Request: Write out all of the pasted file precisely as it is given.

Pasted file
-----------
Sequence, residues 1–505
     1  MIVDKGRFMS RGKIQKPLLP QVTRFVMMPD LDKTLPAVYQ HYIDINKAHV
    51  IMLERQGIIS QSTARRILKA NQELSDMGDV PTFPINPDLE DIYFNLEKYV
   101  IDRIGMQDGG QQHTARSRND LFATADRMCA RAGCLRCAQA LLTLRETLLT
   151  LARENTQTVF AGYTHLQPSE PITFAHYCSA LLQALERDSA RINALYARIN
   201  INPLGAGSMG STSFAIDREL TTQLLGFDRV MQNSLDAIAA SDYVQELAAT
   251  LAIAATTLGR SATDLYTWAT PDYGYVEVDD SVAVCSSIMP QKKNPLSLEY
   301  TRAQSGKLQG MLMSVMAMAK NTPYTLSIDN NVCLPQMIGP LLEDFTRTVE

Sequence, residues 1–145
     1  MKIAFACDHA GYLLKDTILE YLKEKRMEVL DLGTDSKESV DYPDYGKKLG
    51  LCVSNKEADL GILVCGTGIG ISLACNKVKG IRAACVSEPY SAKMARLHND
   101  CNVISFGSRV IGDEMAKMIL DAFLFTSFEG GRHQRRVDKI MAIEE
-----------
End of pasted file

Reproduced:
Sequence, residues 1–505
     1  MIVDKGRFMS RGKIQKPLLP QVTRFVMMPD LDKTLPAVYQ HYIDINKAHV
    51  IMLERQGIIS QSTARRILKA NQELSDMGDV PTFPINPDLE DIYFNLEKYV
   101  IDRIGMQDGG QQHTARSRND LFATADRMCA RAGCLRCAQA LLTLRETLLT
   151  LARENTQTVF AGYTHLQPSE PITFAHYCSA LLQALERDSA RINALYARIN
   201  INPLGAGSMG STSFAIDREL TTQLLGFDRV MQNSLDAIAA SDYVQELAAT
   251  LAIAATTLGR SATDLYTWAT PDYGYVEVDD SVAVCSSIMP QKKNPLSLEY
   301  TRAQSGKLQG MLMSVMAMAK NTPYTLSIDN NVCLPQMIGP LLEDFTRTVE

Sequence, residues 1–145
     1  MKIAFACDHA GYLLKDTILE YLKEKRMEVL DLGTDSKESV DYPDYGKKLG
    51  LCVSNKEADL GILVCGTGIG ISLACNKVKG IRAACVSEPY SAKMARLHND
   101  CNVISFGSRV IGDEMAKMIL DAFLFTSFEG GRHQRRVDKI MAIEE